Vassar used the grants from the Charles E. Merrill and Pew Memorial trusts as well as the gifts of Julia Blodgett Curtis ‘62, Mrs. Suzette Davidson ‘34 and Blanchette Hooker Rockefeller ‘31 to acquire the papers of Pulitzer-prize winning poet Elizabeth Bishop ’34.

“I’m extremely pleased to have Elizabeth’s papers in the Vassar manuscript collection,” the literary executor of Bishop’s estate, Alice H. Methfessel, told The New York Times. “It’s an excellent library, and the leadership of the college is dedicated to the preservation of manuscripts and knows their value to scholars and students. Elizabeth had a real fondness for her alma mater and the friends she made there. She said that Vassar had a profound effect on her life.”

New York Times

Robert Leuci, the inspiration for Robert Daley’s book Prince of the City (1978), spoke about his work in the Special Investigating Unit in the Narcotics Division of the New York City Police Department and about his role in informing on corrupt policemen within that division. “I never looked like a cop,” Leuci said, “The NYPD chose guys like me who didn’t look like cops to go into the Narcotics Bureau/Detective Division.” Of Leuci’s story of gradual moral “erosion”—drugs as bribes, illegal wiretaps, choosing to overlook minor crime in order to get along—said Julie Kaufman ’85 in The Miscellany News, “there were two parts…: negative and postitive. ‘The negative,’ Leuci explained, ‘occurs when you try to emulate the behavior or actions of people you admire…. Your morality and integrity disintegrate and a certain amount of criminality appears. You don’t even realize this is happening to you. Once you open your eyes, see what you’re doing and try to find ways to change, you enter positive erosion.’”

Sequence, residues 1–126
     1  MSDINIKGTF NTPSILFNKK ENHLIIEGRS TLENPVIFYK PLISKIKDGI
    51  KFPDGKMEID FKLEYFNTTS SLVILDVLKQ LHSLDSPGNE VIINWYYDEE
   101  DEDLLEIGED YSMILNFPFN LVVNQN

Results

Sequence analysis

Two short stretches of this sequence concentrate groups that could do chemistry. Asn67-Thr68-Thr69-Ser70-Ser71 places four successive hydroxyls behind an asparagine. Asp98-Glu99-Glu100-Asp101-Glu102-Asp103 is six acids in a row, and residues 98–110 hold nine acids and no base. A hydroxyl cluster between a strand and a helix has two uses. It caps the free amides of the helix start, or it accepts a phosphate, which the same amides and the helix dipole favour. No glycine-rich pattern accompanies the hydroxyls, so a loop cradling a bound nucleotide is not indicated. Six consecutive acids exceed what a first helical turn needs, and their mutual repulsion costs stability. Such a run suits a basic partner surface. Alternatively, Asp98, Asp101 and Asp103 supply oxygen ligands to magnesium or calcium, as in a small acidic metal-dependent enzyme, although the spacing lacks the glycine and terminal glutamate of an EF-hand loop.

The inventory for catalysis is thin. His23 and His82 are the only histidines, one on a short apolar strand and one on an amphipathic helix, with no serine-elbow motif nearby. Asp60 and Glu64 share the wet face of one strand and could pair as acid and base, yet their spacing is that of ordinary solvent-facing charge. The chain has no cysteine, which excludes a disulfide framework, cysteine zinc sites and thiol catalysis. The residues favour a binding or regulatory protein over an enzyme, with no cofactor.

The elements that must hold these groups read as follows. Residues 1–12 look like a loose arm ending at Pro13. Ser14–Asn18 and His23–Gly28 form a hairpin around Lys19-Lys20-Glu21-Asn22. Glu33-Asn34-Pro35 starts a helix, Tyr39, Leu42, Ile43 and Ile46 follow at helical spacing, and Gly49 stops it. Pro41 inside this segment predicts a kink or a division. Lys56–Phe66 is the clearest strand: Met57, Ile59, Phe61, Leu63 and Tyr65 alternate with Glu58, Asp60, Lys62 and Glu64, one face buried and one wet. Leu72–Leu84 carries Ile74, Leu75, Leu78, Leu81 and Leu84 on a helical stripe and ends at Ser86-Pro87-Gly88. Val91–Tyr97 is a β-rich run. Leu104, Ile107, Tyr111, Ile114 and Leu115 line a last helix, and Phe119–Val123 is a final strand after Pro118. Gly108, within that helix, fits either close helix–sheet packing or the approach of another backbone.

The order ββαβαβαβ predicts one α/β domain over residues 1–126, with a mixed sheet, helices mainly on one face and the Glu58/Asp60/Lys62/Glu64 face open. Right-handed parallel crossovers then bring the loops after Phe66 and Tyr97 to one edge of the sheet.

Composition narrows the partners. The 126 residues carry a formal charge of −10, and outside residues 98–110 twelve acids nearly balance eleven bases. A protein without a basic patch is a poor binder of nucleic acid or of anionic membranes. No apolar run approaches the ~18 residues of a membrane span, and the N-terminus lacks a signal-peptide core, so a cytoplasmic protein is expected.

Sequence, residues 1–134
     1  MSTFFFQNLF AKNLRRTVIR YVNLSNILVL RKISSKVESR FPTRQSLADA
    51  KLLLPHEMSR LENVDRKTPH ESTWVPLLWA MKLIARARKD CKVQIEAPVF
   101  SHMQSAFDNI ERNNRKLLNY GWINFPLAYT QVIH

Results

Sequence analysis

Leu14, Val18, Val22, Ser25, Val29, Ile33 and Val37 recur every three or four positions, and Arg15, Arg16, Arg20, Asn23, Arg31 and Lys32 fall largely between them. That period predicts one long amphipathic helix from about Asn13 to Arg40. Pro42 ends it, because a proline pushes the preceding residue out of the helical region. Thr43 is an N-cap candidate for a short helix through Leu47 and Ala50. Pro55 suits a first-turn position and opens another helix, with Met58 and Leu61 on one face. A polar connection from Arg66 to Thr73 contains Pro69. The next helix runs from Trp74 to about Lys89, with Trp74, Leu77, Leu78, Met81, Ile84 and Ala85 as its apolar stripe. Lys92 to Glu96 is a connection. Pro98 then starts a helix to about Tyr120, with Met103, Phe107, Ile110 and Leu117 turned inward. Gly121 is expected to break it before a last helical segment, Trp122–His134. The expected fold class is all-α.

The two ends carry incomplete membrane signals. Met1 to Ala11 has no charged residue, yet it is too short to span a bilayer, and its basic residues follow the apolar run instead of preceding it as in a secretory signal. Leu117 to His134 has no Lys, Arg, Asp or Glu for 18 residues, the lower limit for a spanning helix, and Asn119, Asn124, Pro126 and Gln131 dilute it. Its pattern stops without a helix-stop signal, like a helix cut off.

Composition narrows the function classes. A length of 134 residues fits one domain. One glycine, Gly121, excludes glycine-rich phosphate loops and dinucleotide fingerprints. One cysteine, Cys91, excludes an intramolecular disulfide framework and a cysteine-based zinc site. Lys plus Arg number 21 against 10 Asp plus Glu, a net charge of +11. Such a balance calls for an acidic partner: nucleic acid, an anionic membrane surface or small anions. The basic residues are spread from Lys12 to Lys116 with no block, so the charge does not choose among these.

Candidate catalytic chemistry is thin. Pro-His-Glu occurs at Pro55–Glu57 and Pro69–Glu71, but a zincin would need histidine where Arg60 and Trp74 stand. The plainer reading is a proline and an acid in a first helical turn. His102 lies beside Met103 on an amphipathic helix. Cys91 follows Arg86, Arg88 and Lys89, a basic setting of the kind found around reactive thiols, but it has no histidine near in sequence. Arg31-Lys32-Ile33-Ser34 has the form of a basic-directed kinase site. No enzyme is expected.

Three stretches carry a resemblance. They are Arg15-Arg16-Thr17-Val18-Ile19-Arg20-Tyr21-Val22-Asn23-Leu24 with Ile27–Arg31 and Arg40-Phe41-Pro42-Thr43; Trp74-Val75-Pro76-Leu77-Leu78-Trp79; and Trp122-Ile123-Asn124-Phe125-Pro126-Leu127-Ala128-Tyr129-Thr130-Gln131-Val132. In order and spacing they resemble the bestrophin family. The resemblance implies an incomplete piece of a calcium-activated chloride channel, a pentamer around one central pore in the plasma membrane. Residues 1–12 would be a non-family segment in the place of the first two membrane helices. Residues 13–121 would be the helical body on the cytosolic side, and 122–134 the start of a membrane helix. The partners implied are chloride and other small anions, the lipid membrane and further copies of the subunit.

Leuci’s “positive” period began with his agreement to work undercover the the Federal Knapp Commission in a two-year investigaton of corruption that, “initially…focused on the criminal justice system, but ended by focusing on Leuci’s deparment. As a result…55 officers were arrested, Leuci’s partner and best friend both committed suicide. Leuci was sent to Governor’s island for three years with a 24-hour body guard.”

The Vassar College music department gave an hour-long broadcast performance on WNYC-FM in New York City as part of the “Discovery Series,” performing works by former music professor Ernst Krenek and Professor of Music Richard Wilson. Works by Krenek, who taught at Vassar from 1930 until 1942, were “Monolog der Stella,” sung by soprano Carol Wilson accompanied by pianist Huguette van Ackere and his Sonata No. 4, performed by pianist Todd Crow.